Touring the Legacies of Slavery in Shreveport, LA: Race, Health, and Medicine

Centenary College of Louisiana student Jayla Washington speaks to the tour group at Oakland Cemetery in Shreveport, Louisiana.

This post has been reprinted with permission from Centenary Magazine (December 2022).

In the Archives: Touring the Legacies of Slavery

Chris Brown

In November 2022, Centenary College of Louisana hosted the two-day conference, “Legacies of American Slavery: Race, Health, and Medicine.” As part of the conference, the Centenary Archives assisted with a local history tour and related exhibit that features sites connected to pioneering Black health care practitioners in Shreveport, including the conference’s community partner, Louisiana State University Health Shreveport.  Helping create the tour and exhibit yielded impactful local stories, exciting research revelations, and benefitted from tapping into resources across multiple archives. The exhibit is accessible online.

The tour’s first stop at Oakland Cemetery (1000 Milam Street) visited the graves of Dr. Dickerson Alphonse Smith and his mother, Amanda Arnett Clark. Jayla Washington (biology major, Centenary class of ’23) shared the biography of Smith, who graduated medical school in 1892 and returned to his hometown of Shreveport as one of the city’s earliest documented Black physicians. In 1902, Smith helped establish the Amanda Clark Memorial Home, a residential facility for elderly Black people. Many of the residents were formerly enslaved persons like the home’s namesake, Smith’s mother. While researching Smith, we discovered his medical school graduation photograph appears within a collage of his classmates, accessible online. “Wow, thank you for bringing Dr. Smith to my attention.  I have been trying to verify our early Black graduates,” emailed Nathalie Wheaton, archivist at Rush University Medical Center in Chicago, Illinois.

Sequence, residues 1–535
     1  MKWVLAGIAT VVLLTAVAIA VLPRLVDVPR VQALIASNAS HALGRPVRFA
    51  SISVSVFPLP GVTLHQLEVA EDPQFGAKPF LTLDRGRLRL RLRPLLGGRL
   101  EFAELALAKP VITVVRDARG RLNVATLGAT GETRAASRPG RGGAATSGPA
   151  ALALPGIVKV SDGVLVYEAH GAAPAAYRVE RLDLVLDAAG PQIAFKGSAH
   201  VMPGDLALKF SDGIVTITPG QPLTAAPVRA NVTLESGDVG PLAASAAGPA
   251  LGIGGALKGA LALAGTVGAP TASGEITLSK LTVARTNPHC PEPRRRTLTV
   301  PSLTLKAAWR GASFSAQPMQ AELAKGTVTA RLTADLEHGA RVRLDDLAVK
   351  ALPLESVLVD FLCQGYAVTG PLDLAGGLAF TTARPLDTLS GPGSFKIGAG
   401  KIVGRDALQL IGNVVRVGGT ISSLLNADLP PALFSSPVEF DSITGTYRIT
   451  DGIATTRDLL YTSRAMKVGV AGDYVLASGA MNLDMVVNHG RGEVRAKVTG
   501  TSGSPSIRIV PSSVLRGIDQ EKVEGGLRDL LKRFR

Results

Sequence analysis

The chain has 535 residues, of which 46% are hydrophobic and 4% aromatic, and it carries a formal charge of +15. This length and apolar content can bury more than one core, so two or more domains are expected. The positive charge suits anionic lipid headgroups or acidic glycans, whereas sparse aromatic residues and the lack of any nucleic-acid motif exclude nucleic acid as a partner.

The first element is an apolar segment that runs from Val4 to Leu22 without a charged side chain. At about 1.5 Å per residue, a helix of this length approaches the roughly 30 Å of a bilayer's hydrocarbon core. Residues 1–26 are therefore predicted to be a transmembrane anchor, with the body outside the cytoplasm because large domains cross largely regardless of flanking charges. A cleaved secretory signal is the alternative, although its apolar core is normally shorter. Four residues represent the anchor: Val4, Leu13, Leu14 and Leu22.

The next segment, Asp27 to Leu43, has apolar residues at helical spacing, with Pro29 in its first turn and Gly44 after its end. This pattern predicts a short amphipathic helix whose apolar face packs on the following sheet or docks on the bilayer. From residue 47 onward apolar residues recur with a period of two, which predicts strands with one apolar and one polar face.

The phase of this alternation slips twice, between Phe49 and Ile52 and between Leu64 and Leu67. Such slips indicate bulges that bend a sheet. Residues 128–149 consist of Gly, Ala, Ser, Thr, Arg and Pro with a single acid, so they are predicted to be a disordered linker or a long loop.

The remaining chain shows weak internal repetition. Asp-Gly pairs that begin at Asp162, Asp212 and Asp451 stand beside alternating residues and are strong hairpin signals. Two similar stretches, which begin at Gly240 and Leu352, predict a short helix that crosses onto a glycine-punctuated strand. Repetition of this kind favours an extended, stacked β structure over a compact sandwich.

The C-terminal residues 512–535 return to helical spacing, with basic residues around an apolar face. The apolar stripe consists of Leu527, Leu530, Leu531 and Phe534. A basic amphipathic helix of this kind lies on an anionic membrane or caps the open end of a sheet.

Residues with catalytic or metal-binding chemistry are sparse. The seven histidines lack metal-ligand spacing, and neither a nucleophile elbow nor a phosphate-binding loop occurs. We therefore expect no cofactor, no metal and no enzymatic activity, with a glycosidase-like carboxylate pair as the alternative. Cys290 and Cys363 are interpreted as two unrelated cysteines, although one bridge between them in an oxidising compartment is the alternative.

The tour group then visited the Calanthean Temple (1007 Texas Avenue), constructed in 1923 by the Court of Calanthe, the women’s auxiliary of the Black lodge of the fraternal order of the Knights of Pythias. This building for Black businesses housed doctors’ offices, insurance companies, and a roof top garden that served as a venue for dances. Dr. Chris Ciocchetti (associate professor of philosophy at Centenary) provided details about physicians whose offices were located in the Calanthean—Drs. Mye Haddox, Leroy A. Jackson, and Julius A. Phillips. Information about these doctors regularly appeared in the Shreveport Sun newspaper, available in the Northwest Louisiana Archives at Louisiana State University in Shreveport.

The group’s third stop was the former site of Turner Infirmary (1043 Texas Avenue). Jasmine Jones (biology major and Archives student worker, Centenary class of ’26) spoke about Dr. Sirporah Solinsky Turner, who graduated from Meharry Medical College in Nashville and returned to Shreveport in 1907. As the earliest known female Black doctor in the city, she founded the Turner Infirmary and Maternity Home, which included a training school for nurses. In 1920, she relocated to Los Angeles. During the tour, Jones shared, “As a Black woman in STEM, I thought it was important for me to be involved in this research on historic Black doctors to better understand my history.”

After driving past the former site of Shreveport’s Charity Hospital (1240 Texas Avenue), the tour visited that institution’s successor, Ochsner–Louisiana State University Health Shreveport (1541 Kings Highway). Holly Carter (biology major, Centenary class of ’23) provided a historical overview of the hospital beginning with its founding in 1875. Upon moving to the Kings Highway location in 1953, the facility was renamed Confederate Memorial Hospital. Throughout the 1970s, individuals recommended changing the name, and it became Louisiana State University Hospital of Shreveport in 1978. Carter also reflected on her upcoming enrollment at the institution’s medical school in fall 2023.

The Centenary Archives is pleased to have contributed to this project, which links our pre-medical students to professionals at Ochsner–LSU Health Shreveport, promotes recognition of local Black medical pioneers, and expands cooperation with other archives. Facilitating such projects use Shreveport’s history to inspire and guide Centenary students.

The “Legacies of American Slavery: Race, Health, and Medicine” conference was presented as part of the multi-year Legacies of American Slavery initiative of the Council of Independent Colleges, in cooperation with the Gilder Lehrman Center for the Study of Slavery, Resistance, and Abolition at the MacMillan Center, Yale University. It is supported by a generous grant from the Mellon Foundation with supplemental funding from the National Endowment for the Humanities.

Chris Brown is the Archivist of Centenary College of Louisiana. For more information about the tour and exhibit described here, contact Brown at